It’s far easier – and cheaper – to just write out a prescription for something to suppress symptoms rather than address what’s causing the body to misbehave.

    Yes, but bear in mind that we have no idea at all what the root causes for many things are. The choice is to treat the symptom, and carry on the 10-20 year research effort to find the root cause, or do nothing. In many cases there’s no financial incentive to fix the root cause – why find a cure for herpes infection, when its so easy to treat the sympotms?

    And until GPs, dentists, opticians and other healthcare professionals can work together properly, patients are going to continue to suffer.

    That’s true, especially as regards dentistry which is a rather strangely separate discipline. But the situation is in general improving, I think, both here and in the US.

  • J
    continuity of care is no longer an effective principle of health care in the UK.

    If a patient is sent by a generalist to a hospital with, say rectal bleeding, the patient will be checked for one possible cause, then when that is ruled out, sent home.

    The problem in the UK is that the state crowds out medicine. See NHS Doctor Blog for a regular supply of examples.

    Having said that, in the specific instance mentioned by Brian, the proposed reforms would help matters. Now what would be handy is if the sort of experience that Brian encountered was included in the consultation.

  • Lizzie

    Maybe I’m just sour because I’ve had such a bad experience. If my former GP had taken a good long look at the fact that I had so many illnesses (and that maybe that at such a young age I shouldn’t be so ill!), if she’d just sent me for the full spectrum of tests years ago rather than just giving me drugs to alleviate my symptoms (and they did work to alleviate the symptoms, but in the long run they’ve broken my liver and kidneys!) then we could have started treating the root of my problems.

    This new GP, when I enrolled at the surgery, asked me to type up a list of all my illnesses and medical treatments. When I took it along to him, I asked why he needed it, when he could have just looked at my notes. He replied that he preferred to try and see things from the patient’s point of view as well as just read what another doctor had decided to write about them. I was bowled over! That’s such a great attitude, and I’ve never come across it before in the NHS (and I’ve had a lot of experience!). He sent me for all those tests because he was quite horrified that I’d been reassured that all these symptoms were “perfectly normal” all these years and that I’d been on such strong medication without being sent for blood tests. He genuinely wanted to know what was wrong with me, and what he could do to help.

    So I’m certainly not trying to damn all NHS docs, because clearly some of them do truly care about their patients, and it seems I’ve been lucky enough to finally find one. But to a lot of them, we are just an inconvenience.

    I wouldn’t think the window cleaner thing is quite correct because window cleaners aren’t paid out of the public purse. NHS doctors are. They get paid whether they make a patient better or not. A window cleaner who did a shoddy job wouldn’t be asked back a second time – with a GP, you don’t really have much choice unless you can afford it. And most of us can’t.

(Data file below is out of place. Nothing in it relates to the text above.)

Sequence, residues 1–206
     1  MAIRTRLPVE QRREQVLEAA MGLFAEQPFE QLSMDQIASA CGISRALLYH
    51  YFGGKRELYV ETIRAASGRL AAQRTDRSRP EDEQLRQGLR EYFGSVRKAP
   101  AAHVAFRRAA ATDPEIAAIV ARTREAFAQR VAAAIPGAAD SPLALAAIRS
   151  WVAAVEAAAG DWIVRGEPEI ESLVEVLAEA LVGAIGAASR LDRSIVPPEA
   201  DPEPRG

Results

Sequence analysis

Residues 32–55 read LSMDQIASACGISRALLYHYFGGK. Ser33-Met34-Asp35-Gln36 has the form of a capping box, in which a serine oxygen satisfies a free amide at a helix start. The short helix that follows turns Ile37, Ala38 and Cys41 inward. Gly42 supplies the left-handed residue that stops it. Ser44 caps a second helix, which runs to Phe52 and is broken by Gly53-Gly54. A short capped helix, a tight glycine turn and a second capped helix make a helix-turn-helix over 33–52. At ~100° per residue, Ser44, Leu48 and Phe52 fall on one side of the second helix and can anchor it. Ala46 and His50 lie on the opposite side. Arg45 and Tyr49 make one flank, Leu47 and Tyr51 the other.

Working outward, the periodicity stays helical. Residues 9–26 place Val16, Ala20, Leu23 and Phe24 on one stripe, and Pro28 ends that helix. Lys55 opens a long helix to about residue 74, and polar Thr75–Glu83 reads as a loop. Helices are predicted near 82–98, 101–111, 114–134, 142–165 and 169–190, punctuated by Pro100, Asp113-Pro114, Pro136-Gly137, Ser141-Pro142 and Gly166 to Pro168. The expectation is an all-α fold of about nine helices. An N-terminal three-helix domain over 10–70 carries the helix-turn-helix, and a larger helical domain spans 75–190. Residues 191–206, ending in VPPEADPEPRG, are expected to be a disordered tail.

Totally agree about the pathetic public, by the way. A lot of modern illness is due in no small part to crappy diet and lifestyle choices, and then when people get ill they wonder why. I’m including myself in that, to a certain extent. I managed to complicate things by drinking on a weekly basis for a couple of years when I wasn’t up to it in the first place (I would do it in order to forget how crappy I felt) and I’m taking full responsibility for that part. I wouldn’t be quite so bad now had I not done that; although I would still be very ill – I’ve just helped things along! I’m now doing everything right, which has included cutting out some foods (it turned out that I’m intolerant to a number of my very favourite things). It’s hard sometimes, but I’m finally taking responsibility for myself.

    (And there is no cure for herpes, by the way. It’s not something that can be cured. Once you’ve got it, you’ve got it for life. But you can stop it flaring up, mostly by keeping your stress levels down and your immune system robust.)

  • Brian

    Thank you, chaps. It has been a rather interesting discussion. I have to admit (curls up and dies of embarrasment) that the thought of going private never entered my head. On the other hand, I WAS going private, at the opticians.

    As for continuity of care, as a contract programmer I lead a rather peripatetic existance, and haven’t seen the same doctor twice since…er…since I can remember. Or the same dentist or optician come to that.

    Since eyes are clearly necessary for my work, perhaps the treatment not provided by the NHS while I sit around in waiting rooms, and therefore paid for out of my own pocket (again, as Perry points out) when I go private is tax-deductable?

  • Paul Marks

    The B.M.A. is a union (as are the similar organizations for lawyers).

    It may, like the old craft guilds, really care about the quality of work done – but, also like the old craft guilds, it also cares that its members do not face competition.